If we take a wee step back from that first. When you’re drinking whisky, it’s influenced by who you’re drinking it with, where’re you’re drinking it. So if you’ve got your hip flask and you’ve just walked up a hill and you’re sitting up a hill talking to your friends or family, the whisky might taste slightly different to if you were at the rugby, or if you were enjoying it in the house on a chilly winter’s night. It’s different expectations.
That’s another thing that I love about whisky: your emotions become connected to the flavour of whisky. You do start to remember some of the whiskies you’ve had by the experience, by the event that was happening at the time.
When we create a whisky, we don’t work in isolation. We always joke that if we were left to create whiskies by ourselves, after a few years, you’d end up with a much more narrow viewpoint. A lot of people on our team love big, smoky whiskies. That’s not what all our consumers want to have, though, so we need to make sure we have a consumer in mind when we’re thinking about creating a new whisky.
Our colleagues in marketing work in the markets around the world. They give us a brief of who the customers are. What events do they enjoy? What flavours do they enjoy? Are they people who tend to enjoy gin and tonics, a longer cocktail, or do they enjoy a shorter serve? Having all those insights helps us to formulate an idea of what we want the flavour to be like.
For example, Johnnie Walker Blond is a more accessible whisky. It’s a lighter style, and it’s designed to be drunk as a longer drink. If you think about your high energy occasions, you’re thinking about people in bars, at concerts. Then you create something that’s very noticeable as whisky but works well for those occasions.
Do cultural traditions from different parts of the world play a part when you’re blending?
Obviously, it’s not happening as much recently, but different people on the team travel and bring back insights. We have amazingly talented brand ambassadors that work around the would and they come back to us with information about what are the predominant flavours in different cuisines around the world, what are the celebrations this whisky is used in.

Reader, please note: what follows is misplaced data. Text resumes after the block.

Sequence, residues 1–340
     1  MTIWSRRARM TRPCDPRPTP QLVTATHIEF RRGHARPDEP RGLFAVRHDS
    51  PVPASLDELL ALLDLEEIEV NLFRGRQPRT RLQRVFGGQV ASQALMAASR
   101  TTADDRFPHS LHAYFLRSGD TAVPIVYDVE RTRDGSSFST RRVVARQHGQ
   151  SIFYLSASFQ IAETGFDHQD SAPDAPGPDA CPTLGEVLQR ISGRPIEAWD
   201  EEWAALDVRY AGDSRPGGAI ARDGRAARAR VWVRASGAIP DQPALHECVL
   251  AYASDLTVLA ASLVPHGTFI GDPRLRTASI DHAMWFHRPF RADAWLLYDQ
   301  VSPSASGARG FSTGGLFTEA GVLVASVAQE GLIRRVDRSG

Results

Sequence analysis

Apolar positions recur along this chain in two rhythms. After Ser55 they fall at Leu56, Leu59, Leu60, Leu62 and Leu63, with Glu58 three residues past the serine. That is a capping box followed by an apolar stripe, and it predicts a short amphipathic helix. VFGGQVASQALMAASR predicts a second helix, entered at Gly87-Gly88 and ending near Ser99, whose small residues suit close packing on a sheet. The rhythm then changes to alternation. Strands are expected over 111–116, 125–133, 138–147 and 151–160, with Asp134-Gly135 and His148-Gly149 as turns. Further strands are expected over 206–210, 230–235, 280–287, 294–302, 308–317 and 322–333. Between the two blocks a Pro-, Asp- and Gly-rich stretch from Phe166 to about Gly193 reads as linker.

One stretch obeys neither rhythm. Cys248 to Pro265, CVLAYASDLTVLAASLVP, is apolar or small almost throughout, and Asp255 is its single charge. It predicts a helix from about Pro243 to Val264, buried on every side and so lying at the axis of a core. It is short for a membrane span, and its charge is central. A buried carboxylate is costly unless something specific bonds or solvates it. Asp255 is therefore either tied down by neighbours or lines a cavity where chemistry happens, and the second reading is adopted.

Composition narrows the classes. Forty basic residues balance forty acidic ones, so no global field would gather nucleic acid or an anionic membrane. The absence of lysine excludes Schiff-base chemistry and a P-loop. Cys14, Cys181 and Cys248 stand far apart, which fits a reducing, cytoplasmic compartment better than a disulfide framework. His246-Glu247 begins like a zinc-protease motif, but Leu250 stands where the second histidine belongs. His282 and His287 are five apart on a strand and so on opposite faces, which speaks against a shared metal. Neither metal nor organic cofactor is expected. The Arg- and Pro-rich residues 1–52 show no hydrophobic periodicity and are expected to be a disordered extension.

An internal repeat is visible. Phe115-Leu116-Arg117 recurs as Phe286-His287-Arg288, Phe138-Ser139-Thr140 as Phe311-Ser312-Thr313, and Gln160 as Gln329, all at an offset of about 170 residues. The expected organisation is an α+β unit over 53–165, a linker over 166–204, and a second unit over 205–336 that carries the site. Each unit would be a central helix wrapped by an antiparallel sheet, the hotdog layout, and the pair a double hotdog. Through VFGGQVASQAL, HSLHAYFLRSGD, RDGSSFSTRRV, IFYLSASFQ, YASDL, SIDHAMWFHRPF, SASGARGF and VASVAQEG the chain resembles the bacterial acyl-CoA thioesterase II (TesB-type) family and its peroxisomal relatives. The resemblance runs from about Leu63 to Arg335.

There’s a lovely tradition in some areas of Latin America. When a child is born, there is a tradition to buy a bottle of 18-year-old whisky. When the child turns 18, that bottle is opened for the family to celebrate with together. It’s beautiful seeing the whiskies you make being used in these celebrations.
Finally, what’s your favourite classic cocktail?
That again is one of the things I love about scotch whisky. It’s great by itself. It has a lovely flavour and texture; it has that lovely mouth feel. But it’s an amazing ingredient to have in a cocktail as well. It works so well with lots of different flavours. When we talk about scotch whisky, we talk about that wheel of flavour, the palette of flavours, the flavours you get from the distilling, the flavours you get from maturation.
When we talk to bartenders, it’s interesting because they think about flavours in a similar way. What are the predominant flavours? What are the secondary characteristics? How do you mix things in a way to bring some of the quieter characteristics to the forefront?
I love a highball: Johnnie Walker Black Label with a blood orange soda. It really works with the fruity, sweet flavours you get with Johnnie Walker Black Label, but it’s so refreshing and so simple. It’s lovely to have on a summer day.
Cheers to the tradition and to the future of women blenders!
I also love strong flavours, so I love a whisky Negroni made with a smoky whisky because the smokiness works really well with the vermouth. It balances really well. It’s almost like the smoke takes the part of the botanicals in the gin.
Check out our post on cocktails to celebrate International Women’s Day for this recipe and others!
If you or someone you know is interested in pursuing a career in this field, the LCBO has created The Spirit of Inclusion program to help break barriers and allow diverse women to enter and thrive within the industry. They currently have scholarships and bursaries open to women located in Ontario and you can find more information about the program here.